By Fred R.
Status Report & Health Check
Welcome to Part 4 of the Saga of the .220Redline! Long before endeavoring to build this wildcat, I’ve accepted that running a cartridge nearer the edge of traditional reasoning is not without consequences. Sparking off almost 70 grains of smokeless powder down a .224 caliber hole is rather extreme! Its only a matter of time before throat wear, firecracking, etc… occur. And of course, the knock-on effect that matters to us shooters is affected bullet flight (accuracy) & terminal performance (integrity). So, although I still give exactly “0 f**ks” about said consequences, from a purely experimental perspective, it makes sense to keep some tabs on the barrel…
As of this writing, my .220Redline has ~250 rds down the tube. Some of those initial load were ‘warm’, to say the least! Since then, i’ve backed down to a more brass friendly level, and still enjoying 4,000fps+ muzzle velocity. With 3 good loads established for 3 purpose driven bullet choices, I’ve little inclination to ‘plink’ with this beast! Therefore, most all of the recent rounds down the Brux tube have been sent with lethal intent…and dramatic after-effect! That established, lets get to what guys wanna know: “how far gone is the throat???”
Seein’s how I don’t own a borescope, I’m relying on the tried & true method of determining throat erosion by comparing cartridge OAL, new vs. present, with a given bullet. Based on a average measurements with 3 bullet profiles, after 225rds. down the barrel, hard jam land engagement has moved forward about .045″ since new…YIKES! One thing to note, I took initial OAL bullet/land contact measurement with 0 rd. count on the barrel w/ fresh cut chamber. Prolly should’ve held off and got a baseline measure after 20rds or so, but… oh well. Surely there’s a bit of ‘break in’ wear included in that rather large value… LOL! Bottom line is, at the rate I use this rifle, the next 250 rounds will take several years. And as long as accuracy holds, I don’t care one iota what the micrometer says. One thing to add, I did the first real barrel cleaning just before taking OAL measurements, and the Brux barrel cleaned up lickety split! A good soak of BoreTech foam, couple brush strokes and a few patches, and the barrel literally ‘squeaked’ clean…
Even though I friggn’ LOVE hunting / calling predators, still haven’t schwacked any coyotes with the .220 Redline. Mainly due to ‘minding manners’ on stand. Got two cute .223Rem based wildcats (.17 Predator & 6x45AI) that both do a bangup job for ‘after hours’ thermal calling campaigns. Simply stated, ~26gr of ‘boom’ is alot less obnoxious when calling in close vicinity of farm buildings & livestock… especially after dark! Alas, my .220Redline WILL be coming along for any future ‘out west’ predator calling adventures, and I’ve little doubt it will perform swimmingly! But, I just gotta stay with the peashooters, after hours…
Since Part 3 of the Redline saga hit Dave’s excellent blog, quite a few chucks & another nice buck have fallen to the .220Redline! Here’s a compilation of some early ‘chuckin’ vids with the .220 Redline, mostly with the 75gr JLK going a smidge over 4025fps! Couple 69gr TMK test hits mixed in, too & lotsa called headshots (aka, “SNERTS”) for good measure! I left out the 737yd shot from earlier, but plenty of 3-600+ yd vaportrails to witness…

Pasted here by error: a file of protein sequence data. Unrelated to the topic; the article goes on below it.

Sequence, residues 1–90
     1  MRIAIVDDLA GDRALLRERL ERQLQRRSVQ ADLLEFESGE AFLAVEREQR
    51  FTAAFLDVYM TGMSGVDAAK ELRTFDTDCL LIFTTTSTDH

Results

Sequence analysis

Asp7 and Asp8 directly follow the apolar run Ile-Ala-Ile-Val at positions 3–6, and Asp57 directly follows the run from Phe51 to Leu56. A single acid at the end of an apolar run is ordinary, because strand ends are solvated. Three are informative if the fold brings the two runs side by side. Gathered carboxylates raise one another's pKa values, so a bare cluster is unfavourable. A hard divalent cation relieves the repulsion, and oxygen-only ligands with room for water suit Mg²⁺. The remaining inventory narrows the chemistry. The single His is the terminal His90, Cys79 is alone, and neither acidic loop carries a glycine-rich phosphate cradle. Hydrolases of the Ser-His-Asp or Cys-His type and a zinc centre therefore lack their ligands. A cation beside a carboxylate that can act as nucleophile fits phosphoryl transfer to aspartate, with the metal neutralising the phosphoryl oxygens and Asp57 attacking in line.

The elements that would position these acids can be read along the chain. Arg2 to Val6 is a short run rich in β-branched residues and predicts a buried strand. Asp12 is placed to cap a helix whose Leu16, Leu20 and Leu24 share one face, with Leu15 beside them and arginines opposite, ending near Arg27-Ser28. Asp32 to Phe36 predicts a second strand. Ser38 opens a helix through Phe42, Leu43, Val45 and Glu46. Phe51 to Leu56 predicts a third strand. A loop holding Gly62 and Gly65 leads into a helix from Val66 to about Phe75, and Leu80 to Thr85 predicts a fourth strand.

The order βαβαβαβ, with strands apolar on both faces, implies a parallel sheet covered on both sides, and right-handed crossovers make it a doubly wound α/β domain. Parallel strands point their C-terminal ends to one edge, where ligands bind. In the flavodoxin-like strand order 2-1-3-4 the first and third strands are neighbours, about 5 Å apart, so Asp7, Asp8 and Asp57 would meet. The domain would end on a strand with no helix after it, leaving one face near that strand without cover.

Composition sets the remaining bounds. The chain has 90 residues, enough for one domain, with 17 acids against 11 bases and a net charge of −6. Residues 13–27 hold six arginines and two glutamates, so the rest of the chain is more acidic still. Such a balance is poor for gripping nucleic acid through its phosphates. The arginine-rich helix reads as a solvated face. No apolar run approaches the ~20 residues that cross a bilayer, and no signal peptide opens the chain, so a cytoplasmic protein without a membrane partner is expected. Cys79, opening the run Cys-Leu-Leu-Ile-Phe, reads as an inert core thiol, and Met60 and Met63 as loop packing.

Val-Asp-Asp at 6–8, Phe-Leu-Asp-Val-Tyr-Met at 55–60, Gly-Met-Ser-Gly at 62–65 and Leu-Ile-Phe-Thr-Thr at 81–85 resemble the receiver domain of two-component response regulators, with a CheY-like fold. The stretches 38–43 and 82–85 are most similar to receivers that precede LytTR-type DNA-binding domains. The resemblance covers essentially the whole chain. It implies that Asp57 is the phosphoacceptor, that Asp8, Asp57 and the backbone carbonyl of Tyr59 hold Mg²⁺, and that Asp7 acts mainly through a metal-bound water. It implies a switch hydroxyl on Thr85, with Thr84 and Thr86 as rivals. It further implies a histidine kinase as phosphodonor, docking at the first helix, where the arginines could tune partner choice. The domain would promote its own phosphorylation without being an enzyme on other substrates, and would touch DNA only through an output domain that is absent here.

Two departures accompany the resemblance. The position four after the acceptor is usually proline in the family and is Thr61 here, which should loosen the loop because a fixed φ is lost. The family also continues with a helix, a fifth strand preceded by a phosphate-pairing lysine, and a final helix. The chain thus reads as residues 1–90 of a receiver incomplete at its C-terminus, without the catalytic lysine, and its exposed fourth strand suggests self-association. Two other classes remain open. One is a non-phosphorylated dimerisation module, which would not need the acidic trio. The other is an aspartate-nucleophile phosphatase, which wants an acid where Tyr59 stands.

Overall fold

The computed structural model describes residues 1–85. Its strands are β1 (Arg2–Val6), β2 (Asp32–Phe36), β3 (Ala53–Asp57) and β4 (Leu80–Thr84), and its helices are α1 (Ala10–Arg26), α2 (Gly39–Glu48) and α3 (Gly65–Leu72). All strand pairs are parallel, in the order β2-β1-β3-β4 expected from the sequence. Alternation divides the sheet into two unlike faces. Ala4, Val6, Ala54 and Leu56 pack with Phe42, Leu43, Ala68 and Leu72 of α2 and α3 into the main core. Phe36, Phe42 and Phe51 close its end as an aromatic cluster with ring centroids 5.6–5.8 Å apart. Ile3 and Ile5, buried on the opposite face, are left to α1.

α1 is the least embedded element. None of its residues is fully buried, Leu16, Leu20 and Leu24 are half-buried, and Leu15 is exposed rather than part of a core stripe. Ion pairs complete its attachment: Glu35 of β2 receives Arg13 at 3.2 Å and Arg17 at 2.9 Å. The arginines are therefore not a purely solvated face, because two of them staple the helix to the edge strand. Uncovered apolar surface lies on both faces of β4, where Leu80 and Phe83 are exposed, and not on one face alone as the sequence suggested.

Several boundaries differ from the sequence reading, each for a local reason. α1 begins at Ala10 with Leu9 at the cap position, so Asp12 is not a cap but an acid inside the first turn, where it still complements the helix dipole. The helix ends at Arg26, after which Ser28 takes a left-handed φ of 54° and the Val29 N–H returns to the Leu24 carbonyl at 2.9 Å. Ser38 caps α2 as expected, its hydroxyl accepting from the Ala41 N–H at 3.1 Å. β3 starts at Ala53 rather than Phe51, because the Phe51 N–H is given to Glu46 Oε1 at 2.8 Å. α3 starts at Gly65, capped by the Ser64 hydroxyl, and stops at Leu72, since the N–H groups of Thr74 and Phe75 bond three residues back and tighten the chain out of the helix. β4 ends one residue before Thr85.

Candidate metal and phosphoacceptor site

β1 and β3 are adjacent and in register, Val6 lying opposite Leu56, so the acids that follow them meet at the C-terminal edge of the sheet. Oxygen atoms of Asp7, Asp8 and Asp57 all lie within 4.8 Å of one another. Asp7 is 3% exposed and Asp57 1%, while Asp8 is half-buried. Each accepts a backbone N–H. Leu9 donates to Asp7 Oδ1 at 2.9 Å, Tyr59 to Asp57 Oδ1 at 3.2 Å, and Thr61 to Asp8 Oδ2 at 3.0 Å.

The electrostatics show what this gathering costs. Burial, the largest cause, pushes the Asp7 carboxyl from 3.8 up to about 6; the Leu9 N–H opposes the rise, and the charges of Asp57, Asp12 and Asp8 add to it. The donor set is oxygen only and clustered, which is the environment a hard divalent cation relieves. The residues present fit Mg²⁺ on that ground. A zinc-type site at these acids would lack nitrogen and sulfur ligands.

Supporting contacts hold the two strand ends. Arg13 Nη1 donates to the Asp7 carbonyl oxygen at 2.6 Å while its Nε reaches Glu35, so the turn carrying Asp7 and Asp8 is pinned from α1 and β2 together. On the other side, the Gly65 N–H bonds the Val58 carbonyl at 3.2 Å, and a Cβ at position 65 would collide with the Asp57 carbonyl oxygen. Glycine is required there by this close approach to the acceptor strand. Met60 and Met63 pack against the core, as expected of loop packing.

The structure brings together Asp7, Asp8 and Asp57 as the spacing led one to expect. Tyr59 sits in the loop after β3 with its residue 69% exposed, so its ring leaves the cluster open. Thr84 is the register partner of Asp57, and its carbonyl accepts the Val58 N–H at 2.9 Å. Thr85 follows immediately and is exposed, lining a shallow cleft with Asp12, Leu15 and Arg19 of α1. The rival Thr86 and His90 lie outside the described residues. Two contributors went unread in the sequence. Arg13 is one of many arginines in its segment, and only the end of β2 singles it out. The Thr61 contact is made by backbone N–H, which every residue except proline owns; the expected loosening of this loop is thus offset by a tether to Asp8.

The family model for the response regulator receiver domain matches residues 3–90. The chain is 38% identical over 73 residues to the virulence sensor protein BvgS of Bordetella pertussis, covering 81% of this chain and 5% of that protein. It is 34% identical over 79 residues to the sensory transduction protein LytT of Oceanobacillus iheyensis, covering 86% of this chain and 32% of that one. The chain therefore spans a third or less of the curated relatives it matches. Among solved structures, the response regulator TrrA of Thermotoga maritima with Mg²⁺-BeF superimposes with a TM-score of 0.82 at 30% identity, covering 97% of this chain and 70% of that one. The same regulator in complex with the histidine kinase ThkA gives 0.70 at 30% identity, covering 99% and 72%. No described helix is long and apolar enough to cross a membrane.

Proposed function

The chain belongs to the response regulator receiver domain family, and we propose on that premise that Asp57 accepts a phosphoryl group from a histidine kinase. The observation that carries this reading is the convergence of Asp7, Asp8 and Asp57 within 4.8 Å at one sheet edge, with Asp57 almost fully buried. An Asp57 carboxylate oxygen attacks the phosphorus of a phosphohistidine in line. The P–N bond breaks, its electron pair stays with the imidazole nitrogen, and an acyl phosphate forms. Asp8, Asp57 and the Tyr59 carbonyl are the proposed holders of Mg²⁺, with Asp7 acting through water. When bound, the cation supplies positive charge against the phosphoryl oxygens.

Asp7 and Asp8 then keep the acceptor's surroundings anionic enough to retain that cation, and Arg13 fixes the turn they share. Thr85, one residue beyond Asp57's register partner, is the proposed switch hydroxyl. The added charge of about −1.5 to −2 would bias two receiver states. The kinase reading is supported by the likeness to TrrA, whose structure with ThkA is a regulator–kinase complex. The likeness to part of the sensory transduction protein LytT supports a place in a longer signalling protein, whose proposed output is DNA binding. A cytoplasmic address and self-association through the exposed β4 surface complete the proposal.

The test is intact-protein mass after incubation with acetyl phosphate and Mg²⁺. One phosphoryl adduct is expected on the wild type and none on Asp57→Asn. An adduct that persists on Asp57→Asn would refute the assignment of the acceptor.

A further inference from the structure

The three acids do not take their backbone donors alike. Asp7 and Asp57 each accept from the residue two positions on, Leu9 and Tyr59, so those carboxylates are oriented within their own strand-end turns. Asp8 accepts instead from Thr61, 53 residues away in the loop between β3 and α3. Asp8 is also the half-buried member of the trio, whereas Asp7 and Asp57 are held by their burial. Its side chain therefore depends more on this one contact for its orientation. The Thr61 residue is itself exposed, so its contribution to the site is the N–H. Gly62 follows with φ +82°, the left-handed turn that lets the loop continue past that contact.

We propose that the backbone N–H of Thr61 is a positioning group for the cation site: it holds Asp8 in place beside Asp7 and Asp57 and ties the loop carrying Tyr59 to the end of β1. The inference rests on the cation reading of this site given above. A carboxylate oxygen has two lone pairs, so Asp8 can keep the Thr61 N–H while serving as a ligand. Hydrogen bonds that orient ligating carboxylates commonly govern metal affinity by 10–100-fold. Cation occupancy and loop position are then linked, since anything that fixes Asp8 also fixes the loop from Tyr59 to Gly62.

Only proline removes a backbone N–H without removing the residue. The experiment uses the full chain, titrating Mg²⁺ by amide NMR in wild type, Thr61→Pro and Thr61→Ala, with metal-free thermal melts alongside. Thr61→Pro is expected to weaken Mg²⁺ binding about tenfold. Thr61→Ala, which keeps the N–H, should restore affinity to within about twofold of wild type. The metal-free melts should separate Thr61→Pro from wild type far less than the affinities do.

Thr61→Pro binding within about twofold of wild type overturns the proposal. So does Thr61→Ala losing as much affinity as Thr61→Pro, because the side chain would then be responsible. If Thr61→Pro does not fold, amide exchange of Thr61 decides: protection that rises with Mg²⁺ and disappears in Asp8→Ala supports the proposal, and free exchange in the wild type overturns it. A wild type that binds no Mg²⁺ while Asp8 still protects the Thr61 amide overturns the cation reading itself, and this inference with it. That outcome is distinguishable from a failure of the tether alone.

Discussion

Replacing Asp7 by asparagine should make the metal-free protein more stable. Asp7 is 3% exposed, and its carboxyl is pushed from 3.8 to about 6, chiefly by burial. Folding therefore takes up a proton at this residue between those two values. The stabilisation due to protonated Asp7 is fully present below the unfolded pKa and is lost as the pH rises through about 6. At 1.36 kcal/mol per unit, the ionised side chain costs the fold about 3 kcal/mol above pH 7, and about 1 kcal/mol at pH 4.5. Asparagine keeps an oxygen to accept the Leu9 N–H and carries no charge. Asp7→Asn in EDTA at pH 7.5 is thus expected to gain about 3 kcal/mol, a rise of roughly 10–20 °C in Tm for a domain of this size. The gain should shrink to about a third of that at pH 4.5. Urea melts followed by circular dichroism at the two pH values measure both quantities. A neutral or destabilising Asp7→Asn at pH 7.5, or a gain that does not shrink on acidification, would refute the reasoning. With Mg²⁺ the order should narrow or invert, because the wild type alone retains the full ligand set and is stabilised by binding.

And, this summer passed, had a great few days on the chuck fields with my friend “P”, out on some of his old stomping grounds. He was lookin’ forward to trying the .220Redline, and I was anxious to see his reaction! IIRC, we combined for 28 chucks in two days, most of them falling to the Redline. I sure enjoyed the time together…THANK YOU, P!!! We were like two kids, spotting hits (and a few misses) for each other. Ironcally, most every MISS was due to holding TOO MUCH wind! We literally just quit holding wind inside of 400yds, despite a tangible measure of breeze. In real world chuck conditions, the .220Redline just doesn’t require much hold-off! Here’s some more ‘chuckin’ action, from this past season, complete with some nifty vaportrails.
Hope ya watched til the end, as I added last year’s buck hunt to round the video out. Got lucky to have a pretty 10pt step out behind a couple does, & the .220 / 70TSX took care of the rest…
After “kopfjaegering” woodchucks at 2-3x the distance all summer, hitting a whitetail @ 200yds is nothing special, really. I added the buck video in, because it depicts the terminal performance I’ve enjoyed from the mightly lil’ 70gr BarnesTSX on the other 4 deer cleanly taken with them. Full penetration, short run & tip over DEAD. Anyhoo, here’s link to next video!
Closing Thoughts, And Something To Look Forward to…
Well, that about does it for reporting on my .220Redline. For the wildcat junkies who’ve been reading along, I’m humbled by your continued interest. Don’t worry, the wildcat itch has struck again, and the .240REDLINE is a ‘thing’ already! If Dave allows, I’ll be happy to do another series on the ‘birth’ of the .240REDLINE. After enjoying the .220 for a couple years now, the .240 will have some big ballistic boots to fill! But, I think the .240 may be worth a try, so…
STAY TUNED! The reamer print is already done, confirmed & being ground!!!
Good shooting & be well!
5 thoughts on “The .220REDLINE, Chuck & Buck Buster Extraordinaire!”
Hi what barrel are you running in that 220 Redline? That sure is a smoker.
The .220 is chambered in a Brux barrel. 1:9tw, #4 contour, finished @ 27”.
Awesome writeup, Feddy’s a great dude!
Ain’t he though?
Hey Fred this is an amazing write up!!! I’ve been considering this for a while and while bummed someone beat me to the punch, I’m happy to know someone’s done the science behind it already. I’m wondering if I could pick your brain on this if you have time. I appreciate it, Jake. [email protected]
Comments are closed.